Champions League 2014: Players Who Must Improve in Round of 16 Second Leg

Nick AkermanFeatured ColumnistFebruary 26, 2014

LONDON, ENGLAND - FEBRUARY 19:  Mesut Oezil of Arsenal misses from the penalty spot during the UEFA Champions League Round of 16 first leg match between Arsenal and FC Bayern Muenchen at Emirates Stadium on February 19, 2014 in London, England.  (Photo by Shaun Botterill/Getty Images)
Shaun Botterill/Getty Images

The Champions League round of 16 is well underway, with 12 teams having completed their first-leg fixtures heading into the next round of games on Wednesday.

Paris Saint-Germain, Borussia Dortmund and Olympiakos have treated us to some excellent performances so far, but for every winner, there's been a display of stinking proportions.

Here, we take a look through a trio of individuals who need to up their game when the second-leg schedule arrives.


Mesut Ozil, Arsenal

Alastair Grant/Associated Press

The euphoria surrounding Mesut Ozil's £42.5 million summer move from Real Madrid has worn off, as has the German playmaker's excellent start to life at the Emirates.

He began the Gunners' tie with Bayern Munich in style, brilliantly winning a penalty with a smart turn inside the box.

Unfortunately for the 25-year-old, that was as good as it got. Ozil lazily patted the spot-kick toward the middle of Manuel Neuer's goal, providing his childhood friend with an easy save.

Although he had no control over Wojciech Szczesny being sent off, Ozil looked lost in the middle of midfield thereafter—an all too familiar sight this season.

Ozil completed just 77 percent of his passes, failed to hit the mark from either of his two crosses and didn't manage a successful dribble all night, as reported by He appeared weak when Bayern's numbers swelled, unsure of exactly where he was meant to be playing and generally lacking in confidence.

He can halt the naysayers with a bumper performance in the second leg if he returns to the team by March 11.


Domenico Criscito, Zenit Saint Petersburg

Dortmund's thrilling 4-2 victory against Zenit served up an encounter of relentless speed, constant attacks and plenty of drama. The Russian side played poorly for the most part in front of their own fans, but it was left-back Domenico Criscito's performance that will have Luciano Spalletti most worried.

Criscito fell victim to Dortmund's counterattacking prowess on multiple occasions. He failed to halt Marco Reus for the opening goal of the match, allowing the pacey German to assist Henrikh Mkhitaryan, and he was out of position when Reus added a second moments later.

Although Alexander Anyukov also posted a terrible display in the right-back position, Criscito should be expected to carry out simple duties at the back.

He was overwhelmed by the outright speed of Jurgen Klopp's team, suffering under a lack of cover from Andrei Arshavin before the former Gunners flop was substituted after a quarter of an hour, but he needs to consciously consider his positioning when the next match begins.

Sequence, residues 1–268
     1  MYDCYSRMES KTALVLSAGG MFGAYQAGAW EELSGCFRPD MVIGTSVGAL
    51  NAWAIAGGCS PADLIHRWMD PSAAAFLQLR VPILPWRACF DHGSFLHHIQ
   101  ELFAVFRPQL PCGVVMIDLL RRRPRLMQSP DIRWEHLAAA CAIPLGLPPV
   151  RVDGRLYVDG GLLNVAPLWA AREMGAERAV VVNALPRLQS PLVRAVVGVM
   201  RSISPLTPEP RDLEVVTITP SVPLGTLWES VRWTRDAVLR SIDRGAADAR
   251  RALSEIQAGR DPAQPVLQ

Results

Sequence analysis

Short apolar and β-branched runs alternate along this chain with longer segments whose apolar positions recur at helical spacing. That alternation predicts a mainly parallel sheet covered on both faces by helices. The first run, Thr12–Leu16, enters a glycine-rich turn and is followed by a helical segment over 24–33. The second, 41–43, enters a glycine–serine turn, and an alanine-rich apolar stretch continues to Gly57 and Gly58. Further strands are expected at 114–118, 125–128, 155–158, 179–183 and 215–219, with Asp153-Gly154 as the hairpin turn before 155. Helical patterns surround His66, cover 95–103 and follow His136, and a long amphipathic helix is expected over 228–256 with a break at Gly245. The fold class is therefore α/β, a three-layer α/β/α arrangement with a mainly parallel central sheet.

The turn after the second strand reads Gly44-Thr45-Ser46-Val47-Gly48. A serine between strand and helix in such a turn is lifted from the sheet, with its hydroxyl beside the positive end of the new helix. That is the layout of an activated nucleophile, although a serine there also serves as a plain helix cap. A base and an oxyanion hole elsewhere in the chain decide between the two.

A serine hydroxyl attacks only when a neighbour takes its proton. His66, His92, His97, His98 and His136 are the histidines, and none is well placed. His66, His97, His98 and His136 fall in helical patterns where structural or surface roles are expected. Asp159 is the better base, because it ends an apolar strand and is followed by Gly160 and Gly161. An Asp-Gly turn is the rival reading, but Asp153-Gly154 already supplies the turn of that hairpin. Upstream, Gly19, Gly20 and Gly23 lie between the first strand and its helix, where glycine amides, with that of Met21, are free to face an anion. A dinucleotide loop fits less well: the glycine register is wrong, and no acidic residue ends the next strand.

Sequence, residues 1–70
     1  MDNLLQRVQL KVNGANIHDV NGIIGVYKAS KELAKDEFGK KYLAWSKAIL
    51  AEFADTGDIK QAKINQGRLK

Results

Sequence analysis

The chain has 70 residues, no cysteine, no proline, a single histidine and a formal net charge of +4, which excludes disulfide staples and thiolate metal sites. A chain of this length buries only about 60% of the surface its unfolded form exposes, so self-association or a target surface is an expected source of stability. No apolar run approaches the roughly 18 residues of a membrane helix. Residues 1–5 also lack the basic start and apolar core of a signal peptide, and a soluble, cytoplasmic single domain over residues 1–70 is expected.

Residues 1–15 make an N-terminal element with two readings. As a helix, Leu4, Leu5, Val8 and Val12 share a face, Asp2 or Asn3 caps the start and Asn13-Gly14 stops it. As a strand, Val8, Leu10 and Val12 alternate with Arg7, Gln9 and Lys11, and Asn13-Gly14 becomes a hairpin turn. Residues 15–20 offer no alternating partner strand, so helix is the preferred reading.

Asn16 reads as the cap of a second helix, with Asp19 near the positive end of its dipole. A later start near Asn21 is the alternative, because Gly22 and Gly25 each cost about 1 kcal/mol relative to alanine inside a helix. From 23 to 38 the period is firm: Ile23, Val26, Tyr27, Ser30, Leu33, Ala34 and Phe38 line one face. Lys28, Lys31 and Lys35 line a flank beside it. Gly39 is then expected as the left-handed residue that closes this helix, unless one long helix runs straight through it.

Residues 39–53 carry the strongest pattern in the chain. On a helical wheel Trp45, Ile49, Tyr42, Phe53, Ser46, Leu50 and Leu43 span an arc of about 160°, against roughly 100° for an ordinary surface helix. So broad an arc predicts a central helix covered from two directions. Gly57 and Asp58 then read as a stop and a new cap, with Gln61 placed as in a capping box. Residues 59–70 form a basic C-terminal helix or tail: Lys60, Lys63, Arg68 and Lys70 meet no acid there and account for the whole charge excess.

Although it is easy to be sucked into the middle, especially with players such as Reus bombing toward the box, Criscito can stop Dortmund's supply from the wing by intelligently sticking to his flank, not leaving huge gaps around the back. 


Chris Smalling, Manchester United

PIRAEUS, GREECE - FEBRUARY 25:  Chris Smalling (L) of Manchester United holds off the challenge of Hernan Perez (R) of Olympiacos during the UEFA Champions League Round of 16 first leg match between Olympiacos FC and Manchester United at Karaiskakis Stadi
Michael Regan/Getty Images

From one poor performance to a display that will go down in history as a low for one of Europe's elite clubs.

While the entire Manchester United squad could have featured in this section after their collective failure against Olympiakos—particularly Rio Ferdinand and Tom Cleverley—it's Chris Smalling who needs to improve most.

Occupying the right-back position that appears completely unnatural to a player who possesses poor ball control and a leggy frame, Smalling did a fine impression of a vagabond down the United flank.

Worse than his ability to win zero tackles throughout the match was his inability to keep up with Olympiakos' ambitious front-runners, as the former Fulham defender continued to stand too wide when pressure approached.

That left a huge gap between the struggling player and his centre-backs, who also toiled under constant hassling from the Greek side's centre.

Smalling's distribution remained unambitious throughout, and he continued to play the ball backward, inviting further pressure on the defence. He completed just 79 percent of his passes and, rather oddly, fell over multiple times when under pressure—as depicted by Football Vines:

It's safe to say Smalling's performance was memorable on a dismal night for United. He will need to move into a central position if he is to improve during the second leg, as Smalling's lack of ability on the flank was exposed for all to see once again.